Unfounded fear of genetics

Elton Wong

On Tuesday, representatives of food, biotechnology and agriculture industries met with the Environmental Protection Agency. These representatives pressured the EPA to approve the use of a certain genetically engineered corn in food meant for humans. This kind of genetically modified (GM) corn was previously approved for use in animal feed, but not for human consumption. This fall, however, taco shells and other food products were found to contain some of this corn called StarLink.

Fears that StarLink corn could cause allergic reactions in people prompted a recall of products and have forced the corn’s developer, Aventis CropScience, to buy all of this year’s StarLink crop and stop licensing the seed.

Aventis wants the EPA to approve Starlink for human consumption for mostly economic reasons: recalls are expensive and sales of U.S. corn to foreign markets are already suffering. In addition, the cost of testing corn could drive up prices, further hurting suppliers and farmers.

Genetically engineered plants are created when genes from one organism are “spliced” into the genome of a crop plant. Each gene codes for a protein that can confer pest resistance, cold resistance or some other desired property.

The protein in question with respect to StarLink corn is called Cry9C, and is produced by a bacterial gene. This protein protects the corn from insects. There is no evidence that this protein is harmful in any way to humans, but it has shown itself to be stable in stomach acids. Proteins showing this characteristic have a higher likelihood of causing allergies (certain peanut proteins, for example). However, even if Cry9C is an allergen, it is found in such small concentrations in food products that it would almost certainly be harmless.

Environmental groups as well as consumer advocacy groups are raising a great deal of fuss over “contamination” of consumer foods by this genetically modified corn. Unfortunately, such fears are based on little more than ignorance.

For instance, StarLink corn is not only resistant to pests, but is also less likely to carry Fusarium, a toxic fungus often carried into the plants by the pest insects. Fusarium fungus produces a toxin called fumonisin, which is known to cause fatal diseases in humans. Thus, StarLink corn actually has a margin of safety that regular corn does not. Anti-GM activists generally ignore information like this. Apparently, they find the idea of deadly fungal toxins less frightening than genetically modified corn that is safe by all accounts. The fungus may give you esophageal cancer and make you die, but at least it’s “natural.”

Other examples of consumer irrationality are easily found. For instance, many people are violently allergic to ordinary peanuts. People have died from eating food products that were supposed to be peanut-free, but were accidentally contaminated with peanut oil. Activists are not nearly as concerned about peanut contamination as they are about genetically engineered crops, even though one can kill and the other has never hurt anyone. The word “genetic” alone is enough to stir up ignorant fears.

There’s more to the story. The wheat plant is not found in nature; it is a genetically modified crop created at the beginning of civilization by a primitive kind of genetic engineering: cross breeding. By crossing different kinds of wild grasses, early farmers stumbled upon a strain of grass that produced large kernels suitable for eating. This is what we now call wheat.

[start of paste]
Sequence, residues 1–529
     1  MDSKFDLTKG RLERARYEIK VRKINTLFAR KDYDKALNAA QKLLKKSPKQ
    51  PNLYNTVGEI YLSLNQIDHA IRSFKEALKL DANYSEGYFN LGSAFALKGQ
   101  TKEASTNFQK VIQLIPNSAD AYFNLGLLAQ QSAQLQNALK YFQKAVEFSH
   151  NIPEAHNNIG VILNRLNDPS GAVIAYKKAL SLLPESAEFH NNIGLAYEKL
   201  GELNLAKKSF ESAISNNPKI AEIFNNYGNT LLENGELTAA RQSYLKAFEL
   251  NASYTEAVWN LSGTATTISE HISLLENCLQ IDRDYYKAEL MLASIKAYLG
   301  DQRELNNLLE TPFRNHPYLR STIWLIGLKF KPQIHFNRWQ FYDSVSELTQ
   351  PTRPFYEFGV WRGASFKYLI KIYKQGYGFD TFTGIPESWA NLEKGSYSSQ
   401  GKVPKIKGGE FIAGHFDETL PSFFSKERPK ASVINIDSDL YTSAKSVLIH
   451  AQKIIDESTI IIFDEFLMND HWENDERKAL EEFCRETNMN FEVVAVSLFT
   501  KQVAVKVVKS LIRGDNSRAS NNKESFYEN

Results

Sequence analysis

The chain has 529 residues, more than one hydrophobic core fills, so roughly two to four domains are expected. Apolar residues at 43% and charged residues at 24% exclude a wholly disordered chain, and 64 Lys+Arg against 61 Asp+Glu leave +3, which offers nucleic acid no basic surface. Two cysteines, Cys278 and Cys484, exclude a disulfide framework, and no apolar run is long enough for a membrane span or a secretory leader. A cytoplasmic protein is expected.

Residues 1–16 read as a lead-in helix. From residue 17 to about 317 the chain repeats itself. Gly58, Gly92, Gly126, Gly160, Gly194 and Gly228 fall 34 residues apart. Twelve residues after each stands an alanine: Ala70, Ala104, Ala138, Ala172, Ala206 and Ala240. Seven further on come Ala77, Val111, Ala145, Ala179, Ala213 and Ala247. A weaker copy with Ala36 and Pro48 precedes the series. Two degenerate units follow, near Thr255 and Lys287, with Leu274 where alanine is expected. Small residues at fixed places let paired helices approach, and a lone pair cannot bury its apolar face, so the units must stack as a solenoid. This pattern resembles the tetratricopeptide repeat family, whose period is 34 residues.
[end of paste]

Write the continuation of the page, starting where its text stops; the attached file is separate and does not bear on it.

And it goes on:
In fact, hybridization still occurs today. Agriculture companies often cross their grain plants with wild grasses. The resulting plants often have higher protein concentrations and sometimes increased pest resistance.

To the layman, hybridization may seem like a safer, more “natural” way to produce good crops. This is not the case.

Crossing a wheat strain with a wild grass introduces hundreds or thousands of unknown genes into the resulting hybrid strain, and no one knows what these all genes do or what kinds of proteins they make. This kind of cross-breeding is a far more risky and uncontrolled than gene splicing.

Be this as it may, the words “hybrid crops” don’t get activists nearly as excited as the words “genetic engineering.” Sensationalism is the reason for this, not science. Most people would rather cling to scary “Frankenstein” imagery than educate themselves.

In contrast to hybridization, gene splicing allows scientists to carefully insert single genes into crop strains, thereby increasing control and reducing unknown variables. Therefore, it is safer. Hybrid wheat commonly makes its way to grocery stores without any kind of government scrutiny, labeling, or testing, while genetically engineered crops are exhaustively studied before they can be released. This discrepancy makes no sense.

In spite of all this, it is a bad idea for the EPA to approve StarLink corn for human consumption under these last-minute circumstances. The corn is almost certainly fine, but this kind of emergency approval would undermine the integrity of the EPA If it lets the corporations smack it around this time, it will erode consumer confidence and give the biotech companies too much power in the future. Aventis made a mistake and the EPA shouldn’t bend over backwards to clean it up for them. Aventis should handle recalls, reimburse farmers and take responsibility for the mistake.

In the meantime, is it a good idea to avoid taco shells? Possibly, but only because they have the nasty habit of breaking into sharp pieces and stabbing you in the soft part of your mouth when you eat them. This is why you should do what I have always done: stick to fajitas.